Atmos. Chem. Phys. Discuss., 9, 21669-21716, 2009
www.atmos-chem-phys-discuss.net/9/21669/2009/
doi:10.5194/acpd-9-21669-2009
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This discussion paper has been under review for the journal Atmospheric Chemistry and Physics (ACP). Please refer to the corresponding final paper in ACP.
Molecular characterization of urban organic aerosol in tropical India: contributions of biomass/biofuel burning, plastic burning, and fossil fuel combustion
P. Q. Fu1, K. Kawamura1, C. M. Pavuluri1, and T. Swaminathan2
1Institute of Low Temperature Science, Hokkaido University, Sapporo 060-0819, Japan
2Department of Chemical Engineering, Indian Institute of Technology Madras, Chennai 600036, India

Abstract. Organic molecular composition of PM10 samples, collected at Chennai in tropical India, was studied using capillary gas chromatography/mass spectrometry. Twelve organic compound classes were detected in the aerosols, including aliphatic lipids, sugar compounds, lignin products, terpenoid biomarkers, sterols, aromatic acids, phthalates, hopanes, and polycyclic aromatic hydrocarbons (PAHs). At daytime, phthalates was found to be the most abundant compound class; while at nighttime, fatty acids was the dominant one. Concentrations of total quantified organics were higher in summer (611–3268 ng m−3, average 1586 ng m−3) than in winter (362–2381 ng m−3, 1136 ng m−3), accounting for 11.5±1.93% and 9.35±1.77% of organic carbon mass in summer and winter, respectively. Di-(2-ethylhexyl) phthalate, C16 fatty acid, and levoglucosan were identified as the most abundant single compounds. The nighttime maxima of most organics in the aerosols indicate a land/sea breeze effect in tropical India, although some other factors such as local emissions and long-range transport may also influence the composition of organic aerosols. The abundances of anhydrosugars (e.g., levoglucosan), lignin and resin products, hopanes and PAHs in the Chennai aerosols suggest that biomass burning and fossil fuel combustion are significant sources of organic aerosols in tropical India. Interestingly, terephthalic acid was maximized at nighttime, which is different from those of phthalic and isophthalic acids. A positive correlation was found between the concentration of 1,3,5-triphenylbenzene (a tracer for plastic burning) and terephthalic acid, suggesting that field burning of municipal solid wastes including plastics is a significant source of terephthalic acid. This study demonstrates that, in addition to biomass burning and fossil fuel combustion, the open-burning of plastics also contributes to the organic aerosols in South Asia.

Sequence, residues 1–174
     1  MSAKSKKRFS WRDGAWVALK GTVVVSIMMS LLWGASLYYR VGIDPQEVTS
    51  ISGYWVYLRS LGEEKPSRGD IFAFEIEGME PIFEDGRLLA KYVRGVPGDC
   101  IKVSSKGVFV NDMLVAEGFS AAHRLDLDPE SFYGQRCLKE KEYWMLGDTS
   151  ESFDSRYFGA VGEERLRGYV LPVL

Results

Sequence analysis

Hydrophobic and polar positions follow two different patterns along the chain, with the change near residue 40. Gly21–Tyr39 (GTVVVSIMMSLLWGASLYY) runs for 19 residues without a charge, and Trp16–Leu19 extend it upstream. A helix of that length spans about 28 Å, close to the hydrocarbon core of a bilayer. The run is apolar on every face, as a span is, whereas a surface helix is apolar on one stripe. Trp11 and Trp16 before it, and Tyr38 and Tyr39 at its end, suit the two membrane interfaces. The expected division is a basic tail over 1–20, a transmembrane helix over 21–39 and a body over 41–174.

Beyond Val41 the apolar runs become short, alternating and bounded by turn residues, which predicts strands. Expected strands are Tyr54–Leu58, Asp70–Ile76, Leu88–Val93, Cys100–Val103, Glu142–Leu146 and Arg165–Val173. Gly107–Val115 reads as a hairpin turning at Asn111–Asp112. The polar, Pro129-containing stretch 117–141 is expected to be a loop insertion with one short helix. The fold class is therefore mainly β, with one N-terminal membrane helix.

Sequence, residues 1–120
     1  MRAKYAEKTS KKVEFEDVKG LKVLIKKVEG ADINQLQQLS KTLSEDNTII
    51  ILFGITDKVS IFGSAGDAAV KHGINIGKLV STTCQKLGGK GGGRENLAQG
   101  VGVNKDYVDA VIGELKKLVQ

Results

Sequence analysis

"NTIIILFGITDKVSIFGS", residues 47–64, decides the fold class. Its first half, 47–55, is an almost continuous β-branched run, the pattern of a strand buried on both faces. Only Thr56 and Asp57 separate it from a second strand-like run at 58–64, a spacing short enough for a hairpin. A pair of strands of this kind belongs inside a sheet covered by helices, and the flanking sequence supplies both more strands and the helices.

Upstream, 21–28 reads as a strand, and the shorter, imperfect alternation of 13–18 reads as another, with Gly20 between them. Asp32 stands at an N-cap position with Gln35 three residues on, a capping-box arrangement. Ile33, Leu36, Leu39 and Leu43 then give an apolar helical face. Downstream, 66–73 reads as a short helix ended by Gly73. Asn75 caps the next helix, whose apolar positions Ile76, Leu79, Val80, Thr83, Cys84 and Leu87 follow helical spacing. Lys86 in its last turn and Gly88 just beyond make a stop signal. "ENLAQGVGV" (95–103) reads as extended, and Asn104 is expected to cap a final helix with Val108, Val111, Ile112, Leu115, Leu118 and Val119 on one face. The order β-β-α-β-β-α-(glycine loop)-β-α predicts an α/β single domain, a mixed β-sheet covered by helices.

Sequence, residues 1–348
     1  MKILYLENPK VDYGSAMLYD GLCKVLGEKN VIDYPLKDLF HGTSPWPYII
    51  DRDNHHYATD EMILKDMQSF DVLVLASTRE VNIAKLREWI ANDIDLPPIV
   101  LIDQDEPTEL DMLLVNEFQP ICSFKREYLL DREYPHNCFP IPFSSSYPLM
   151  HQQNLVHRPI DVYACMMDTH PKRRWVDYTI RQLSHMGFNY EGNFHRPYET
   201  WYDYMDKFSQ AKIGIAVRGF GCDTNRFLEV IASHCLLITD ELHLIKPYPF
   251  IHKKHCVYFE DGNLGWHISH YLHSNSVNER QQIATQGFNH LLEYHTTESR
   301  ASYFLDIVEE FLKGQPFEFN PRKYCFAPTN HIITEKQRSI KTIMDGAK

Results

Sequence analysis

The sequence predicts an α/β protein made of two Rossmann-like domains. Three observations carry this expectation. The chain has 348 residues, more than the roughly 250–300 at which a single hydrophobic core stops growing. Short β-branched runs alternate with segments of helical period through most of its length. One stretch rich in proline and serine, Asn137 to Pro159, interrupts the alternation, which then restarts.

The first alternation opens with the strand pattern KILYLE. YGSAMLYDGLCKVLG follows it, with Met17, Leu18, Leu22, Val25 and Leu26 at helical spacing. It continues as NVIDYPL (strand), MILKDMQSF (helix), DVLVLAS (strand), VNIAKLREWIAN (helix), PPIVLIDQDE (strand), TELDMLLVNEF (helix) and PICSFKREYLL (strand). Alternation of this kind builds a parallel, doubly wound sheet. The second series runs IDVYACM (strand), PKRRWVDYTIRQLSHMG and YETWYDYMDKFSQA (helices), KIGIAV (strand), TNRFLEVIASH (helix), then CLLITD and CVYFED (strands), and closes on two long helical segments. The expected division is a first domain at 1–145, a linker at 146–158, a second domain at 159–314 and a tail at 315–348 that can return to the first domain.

Citation: Fu, P. Q., Kawamura, K., Pavuluri, C. M., and Swaminathan, T.: Molecular characterization of urban organic aerosol in tropical India: contributions of biomass/biofuel burning, plastic burning, and fossil fuel combustion, Atmos. Chem. Phys. Discuss., 9, 21669-21716, doi:10.5194/acpd-9-21669-2009, 2009.
 
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